Student Art Gallery

UT student Celine Gobert's work in the "Toxic. Misinformation. JUSTICE." exhibit.

Student Art Gallery

The entrance display at the "Toxic. Misinformation. JUSTICE." exhibit.

With each new time era, new social justice issues arise. Our modern age has been dominated by movements such as #MeToo, Black Lives Matter and March for Our Lives, to name just a few.

Recently, UT collaborated with Fisk University and Tennessee State University to create an art exhibit entitled, “Toxic. Misinformation. JUSTICE.: Student Interpretations on Words of the Year.” The exhibit focuses on timely and relevant social justice issues, ranging from homelessness to Civil Rights.

The fascinating exhibit does a wonderful job of poignantly expressing emotion through graphic displays. The ceiling at the entrance to the exhibit is lined with a row of bright, colorful graphics displaying different virtues, such as inclusion, generosity and humility. The display is a UT class project from the fall 2018 section of Prints and Social Practice.

Each word is accompanied by a stunning and creative graphic visualization of the concept. For example, “inclusion” is paired with an intricate print of criss-crossing lines, “generosity” is illustrated by a drawing of a bow on a present and “humility” is displayed with a pair of tattered tennis shoes. The graphics do a fantastic job of drawing meaningful virtues to attach to otherwise simple objects.

Additionally, one of the most detailed pieces in the exhibit is a mixed media project created by UT student Celine Gobert. Gobert crafted a small ceramic statue of a man holding a cardboard sign and sitting besides a shopping cart; he appears to be homeless, and he is wearing tattered boots and fingerless gloves.

The cardboard sign says, “Why lie? My country did this to me,” alongside the name “Sam Stone.” “Sam Stone” is a song by John Prine that tells the story of a veteran’s extremely difficult life after returning home from war.

The tiny shopping cart was filled with numerous exquisitely detailed items; the artist crafted several imitations of mock books out of ceramic, including “To Kill A Mockingbird,” “A Clockwork Orange,” “A Light in the Attic” and “Lord of the Flies.” The attention to detail in this piece was absolutely fascinating. The shopping cart also contained playing cards, trash bags, a stuffed animal and alcohol, all scaled down to doll-like sizes.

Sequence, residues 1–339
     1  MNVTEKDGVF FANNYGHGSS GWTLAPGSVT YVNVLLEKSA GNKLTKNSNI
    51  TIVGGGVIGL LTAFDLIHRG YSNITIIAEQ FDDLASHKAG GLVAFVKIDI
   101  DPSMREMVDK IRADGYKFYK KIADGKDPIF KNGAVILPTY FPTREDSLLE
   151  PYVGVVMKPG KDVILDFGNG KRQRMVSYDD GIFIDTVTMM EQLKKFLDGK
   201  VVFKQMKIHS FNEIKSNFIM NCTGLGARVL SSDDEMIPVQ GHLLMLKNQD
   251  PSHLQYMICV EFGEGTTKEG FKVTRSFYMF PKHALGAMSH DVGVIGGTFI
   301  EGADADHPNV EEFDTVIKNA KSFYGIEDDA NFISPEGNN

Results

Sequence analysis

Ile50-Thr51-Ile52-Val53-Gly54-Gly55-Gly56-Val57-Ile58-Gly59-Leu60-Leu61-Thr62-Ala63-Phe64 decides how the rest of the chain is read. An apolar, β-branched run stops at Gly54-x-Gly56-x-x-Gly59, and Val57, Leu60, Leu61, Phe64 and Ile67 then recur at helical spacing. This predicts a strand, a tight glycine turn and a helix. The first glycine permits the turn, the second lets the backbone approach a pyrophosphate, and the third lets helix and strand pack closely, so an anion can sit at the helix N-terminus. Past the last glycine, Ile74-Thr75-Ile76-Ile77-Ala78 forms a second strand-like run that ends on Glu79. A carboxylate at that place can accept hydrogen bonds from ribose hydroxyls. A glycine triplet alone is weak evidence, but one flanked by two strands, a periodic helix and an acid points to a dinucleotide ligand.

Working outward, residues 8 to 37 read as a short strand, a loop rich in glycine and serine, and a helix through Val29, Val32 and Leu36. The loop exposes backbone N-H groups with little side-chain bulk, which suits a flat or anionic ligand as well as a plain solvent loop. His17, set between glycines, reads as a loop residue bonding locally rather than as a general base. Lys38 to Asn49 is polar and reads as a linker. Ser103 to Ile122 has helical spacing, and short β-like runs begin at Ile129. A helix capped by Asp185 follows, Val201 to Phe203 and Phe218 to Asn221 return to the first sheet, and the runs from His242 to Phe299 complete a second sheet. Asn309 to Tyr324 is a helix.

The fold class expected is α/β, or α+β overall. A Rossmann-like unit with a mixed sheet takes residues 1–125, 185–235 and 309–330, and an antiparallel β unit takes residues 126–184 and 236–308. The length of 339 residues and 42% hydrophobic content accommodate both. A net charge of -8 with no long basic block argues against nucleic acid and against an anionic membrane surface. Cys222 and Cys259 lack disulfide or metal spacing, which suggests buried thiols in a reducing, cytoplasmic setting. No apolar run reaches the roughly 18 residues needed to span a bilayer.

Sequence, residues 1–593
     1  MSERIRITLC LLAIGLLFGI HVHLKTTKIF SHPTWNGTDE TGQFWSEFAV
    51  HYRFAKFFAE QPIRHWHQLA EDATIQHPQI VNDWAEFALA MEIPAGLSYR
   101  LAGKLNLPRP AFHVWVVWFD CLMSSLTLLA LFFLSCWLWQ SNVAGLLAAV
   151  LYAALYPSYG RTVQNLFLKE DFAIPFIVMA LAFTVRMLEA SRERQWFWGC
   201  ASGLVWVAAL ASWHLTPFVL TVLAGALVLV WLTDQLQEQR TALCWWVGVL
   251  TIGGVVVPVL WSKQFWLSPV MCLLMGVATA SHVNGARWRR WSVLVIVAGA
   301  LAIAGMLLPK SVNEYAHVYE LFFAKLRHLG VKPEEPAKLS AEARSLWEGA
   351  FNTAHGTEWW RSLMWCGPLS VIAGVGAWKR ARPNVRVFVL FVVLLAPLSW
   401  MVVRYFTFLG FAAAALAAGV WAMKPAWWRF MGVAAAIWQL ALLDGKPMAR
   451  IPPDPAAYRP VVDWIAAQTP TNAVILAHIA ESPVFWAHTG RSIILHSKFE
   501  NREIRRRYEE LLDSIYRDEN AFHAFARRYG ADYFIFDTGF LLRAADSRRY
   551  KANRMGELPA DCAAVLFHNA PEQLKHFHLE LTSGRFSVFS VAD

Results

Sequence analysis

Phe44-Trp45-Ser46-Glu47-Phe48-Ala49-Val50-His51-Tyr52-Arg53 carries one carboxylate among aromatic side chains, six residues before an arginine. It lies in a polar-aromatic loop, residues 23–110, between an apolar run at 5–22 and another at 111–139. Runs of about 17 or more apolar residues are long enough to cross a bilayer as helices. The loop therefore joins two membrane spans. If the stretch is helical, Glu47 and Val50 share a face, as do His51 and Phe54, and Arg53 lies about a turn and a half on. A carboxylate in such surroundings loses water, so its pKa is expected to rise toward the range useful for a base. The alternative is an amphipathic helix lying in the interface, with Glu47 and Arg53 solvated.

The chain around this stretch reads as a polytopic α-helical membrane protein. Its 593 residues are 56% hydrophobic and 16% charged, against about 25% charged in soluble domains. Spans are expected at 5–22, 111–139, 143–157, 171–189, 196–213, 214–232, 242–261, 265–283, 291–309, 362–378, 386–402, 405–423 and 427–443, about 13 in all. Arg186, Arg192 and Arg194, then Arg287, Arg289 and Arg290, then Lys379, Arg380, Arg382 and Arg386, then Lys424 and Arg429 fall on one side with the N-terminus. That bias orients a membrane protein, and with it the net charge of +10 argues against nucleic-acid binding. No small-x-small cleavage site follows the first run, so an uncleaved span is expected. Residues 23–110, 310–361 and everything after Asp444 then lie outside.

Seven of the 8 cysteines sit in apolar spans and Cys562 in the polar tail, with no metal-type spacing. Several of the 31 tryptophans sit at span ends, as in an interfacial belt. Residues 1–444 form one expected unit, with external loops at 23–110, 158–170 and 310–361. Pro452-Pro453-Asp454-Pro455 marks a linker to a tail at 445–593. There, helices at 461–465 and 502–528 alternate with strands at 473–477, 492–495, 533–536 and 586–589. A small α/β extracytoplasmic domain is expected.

It is incredulous to imagine the level of work that went into creating this piece. Because all elements of the project are so small, the artist likely had to work with incredibly small tools and a precise hand.

The overall piece fantastically executes its commentary on the way that veterans are treated when they return from war. Many veterans, despite their time serving the country, are unable to support themselves nor are they adequately supported by America. Many former soldiers end up tragically homeless just like the balding, ceramic man presently on display.

Furthermore, most of the artwork featured in the gallery focuses on Civil Rights and race relations. A television in the gallery plays a powerful visual and auditory melange of clips of Civil Rights activists speaking.

These videos are supplemented with the sounds of gunshots and rap music. The display effectively draws attention to issues faced by African Americans by discussing Civil Rights while simultaneously displaying other elements of African American culture.

Another piece on display combines rap music with tragedy as well. Fisk University student Meaghan Hall’s painting “In My Eyes” depicts an image of a pair of eyes crying what appears to be blood. The eyes overlay 19 lines of lyrics from rapper Kendrick Lamar’s song “FEAR.”

The nearly eight-minute long song details the pain of someone suffering greatly for many different reasons, including severe racial discrimination.

“Why God, why God do I gotta suffer? Pain in my heart carry burdens full of struggle. Why God, why God do I gotta bleed,” the painting reads.

In recent years, Lamar has been recognized multiple times for the artistic and deeply moving nature of his music, particularly for his talented ability to draw attention to the struggles of African Americans. Therefore, Hall’s choice to use Lamar’s lyrics in her painting was an eloquent one. Anyone who is associated with Lamar’s work will automatically gain a deeper understanding of Hall’s painting just through its usage of the words from “FEAR.”

One of the most unique pieces in the exhibit “Don’t Play Me” was created by UT student Kalyn Roberts. The work is an instrument that resembles a sort of elongated banjo and is adorned with intricate fabrics around the base, along with delicately strung strings. At the top of the instrument a metal ax protrudes, and the instrument’s strings are tied around the blade of the ax.

I was blown away by the power of this object. My interpretation of the protrusion of a violent blade from a beautiful instrument was the idea that if you mistreat something or someone that is good, that thing or person will bring out their bad side. I viewed the piece as a necessary warning: Don’t take advantage of kind people unless you want to experience an extremely unpleasant backlash.

Overall, the exhibit was extremely touching and timely. The student artists did a fantastic job of conveying greatly complex emotions through their concrete work.

Student Art Gallery

Fisk University student Meaghan Hall's piece "In My Eyes."

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